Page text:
Seeing how our food has gone nuclear ,can we now grow up and do away with the ship ban?

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  13. freedom101 (462 comments) says:

    This is all part of the trend towards catastrophisation of modern life. Now that we have conquered polio, the plague etc, we have to find new things to worry about. Hence: irradiation, fluoridation, immunisation, in fact anything with “-tion” on the end will do. Dihydrogen monoxide did not have -tion so why didn’t Sue Kedgley spot that?

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  14. Griff (6,715 comments) says:

    corn dvm is the best crop to hide your pot in. I have processed around one million tons of the shit into all sorts of products If you only had an idea of the chemicals used Pocl3 is in your frozen meat pies. pocl3 is the main ingredient of mustard gas.
    just because I Support science it does not mean I am a green whackjob
    nuke the food is better than it rotting.

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  15. Tauhei Notts (1,604 comments) says:

    I have found that small amounts of dihydrogen monoxide, when added to Scotch whisky, can do me a power of good.

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  16. thedavincimode (6,530 comments) says:

    pocl3 is the main ingredient of mustard gas.

    That would suggest it is admirably suited to incorporation in say, a chicken and leek pie??

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  17. Griff (6,715 comments) says:

    stops the filling going watery when you thaw it so all good..

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  18. greenjacket (416 comments) says:

    YesWeDid: “Surely the point is that consumers should make an informed choice, if they don’t want to eat irradiated or GM food they should be able to make that choice with food being clearly labelled.”

    Why?
    If someone is selling a product that is proven to be safe, then why should they be forced to put on that labelling?
    Now if consumers demand to eat GM-free or non-irradiated food (or country of origin, or from a family farm, or whatever else), then producers will respond by labelling their food ‘GM-free’ or ‘non-irradiated’.

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  19. backster (2,076 comments) says:

    I agree with PG. Anyone who would protest by buying Aussie Tomatos ( imported hard green) instead of NZ ones has no sense of taste…I don’t mind irradiation provided the food is clearly labelled so that I can choose not to buy it.

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  20. YesWeDid (1,029 comments) says:

    @greenjacket – Labeling food and letting the customer decide is the best way to let market forces decide what is being sold in our supermarkets. Look what has happen with free-range eggs and barn raised chicken, by differentiating these products from high intensity factory farming products then consumers who care have choices and are prepared to pay a premium for that choice. These price signals allow produces to decided what market they want to sell to.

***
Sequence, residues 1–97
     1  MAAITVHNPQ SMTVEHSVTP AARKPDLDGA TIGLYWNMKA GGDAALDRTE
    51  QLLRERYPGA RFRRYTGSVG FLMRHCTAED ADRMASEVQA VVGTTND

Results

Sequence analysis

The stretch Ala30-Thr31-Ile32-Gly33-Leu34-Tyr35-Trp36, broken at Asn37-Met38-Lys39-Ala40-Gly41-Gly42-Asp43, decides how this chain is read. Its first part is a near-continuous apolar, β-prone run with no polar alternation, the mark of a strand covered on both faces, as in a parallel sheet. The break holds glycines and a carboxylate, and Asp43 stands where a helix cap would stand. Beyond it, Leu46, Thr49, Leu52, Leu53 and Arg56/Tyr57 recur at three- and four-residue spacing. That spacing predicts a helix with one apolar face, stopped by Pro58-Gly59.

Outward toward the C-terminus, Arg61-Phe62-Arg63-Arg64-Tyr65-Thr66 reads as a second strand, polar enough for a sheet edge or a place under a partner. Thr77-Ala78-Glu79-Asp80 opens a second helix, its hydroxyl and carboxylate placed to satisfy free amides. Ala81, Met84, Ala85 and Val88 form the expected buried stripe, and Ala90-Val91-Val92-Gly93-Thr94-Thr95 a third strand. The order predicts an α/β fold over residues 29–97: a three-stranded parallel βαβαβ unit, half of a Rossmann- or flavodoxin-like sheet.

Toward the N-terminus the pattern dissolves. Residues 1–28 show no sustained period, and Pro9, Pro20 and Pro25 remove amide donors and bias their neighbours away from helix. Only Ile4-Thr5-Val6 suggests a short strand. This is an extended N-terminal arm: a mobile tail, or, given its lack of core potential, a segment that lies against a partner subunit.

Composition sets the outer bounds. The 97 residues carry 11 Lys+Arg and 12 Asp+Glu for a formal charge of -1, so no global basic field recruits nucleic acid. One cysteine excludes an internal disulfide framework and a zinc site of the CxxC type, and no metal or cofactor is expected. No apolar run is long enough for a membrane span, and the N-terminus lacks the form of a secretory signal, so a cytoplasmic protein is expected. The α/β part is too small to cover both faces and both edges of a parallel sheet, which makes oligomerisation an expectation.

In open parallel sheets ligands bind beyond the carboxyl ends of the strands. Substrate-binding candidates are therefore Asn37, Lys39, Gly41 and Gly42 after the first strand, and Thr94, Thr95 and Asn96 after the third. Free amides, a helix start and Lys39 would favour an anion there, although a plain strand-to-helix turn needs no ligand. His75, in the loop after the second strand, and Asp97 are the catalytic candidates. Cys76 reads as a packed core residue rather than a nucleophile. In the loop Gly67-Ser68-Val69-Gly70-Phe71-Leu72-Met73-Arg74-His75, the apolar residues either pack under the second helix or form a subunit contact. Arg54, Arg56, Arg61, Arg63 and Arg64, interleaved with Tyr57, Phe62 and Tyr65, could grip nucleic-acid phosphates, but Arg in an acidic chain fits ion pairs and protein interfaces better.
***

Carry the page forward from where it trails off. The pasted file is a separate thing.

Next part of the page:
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  21. projectman (203 comments) says:

    Peter Silcock’s reported comments should be a concern for all those concerned with good science and rational evaluation of information. If he is going to make such comments, at least point to the evidence and consensus of those knowledgeable in this field that substantiates what he is saying. I doubt it exists.

    This should be an embarrassment for Horticulture NZ’s management and Board. Shame!

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  22. Simon (681 comments) says:

    “Peter Silock’s reported…..”

    Fuck you don’t get it. The so called article is nothing but a press release from some vile lobby group which works hand in glove with a government department. The lobby group exists to write legisalation, curry favour with government departments and ring fence their industry from competators all at the expense of consumers.

    This lobby has the gall to talk about consumers interests. Fuck what sanctimonius horse shit.

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  23. adze (1,857 comments) says:

    The Australian protectionism is far from over. They have put onerous checking conditions on all NZ apple imports, making it a prohibitively expensive endeavour. Consequently growers haven’t exported much over there because it’s too hard/expensive. Australian business and government really are shit when it comes to NZ.

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  24. redeye (631 comments) says:

    Simon @ 7:31 – and that differs from all other producers how?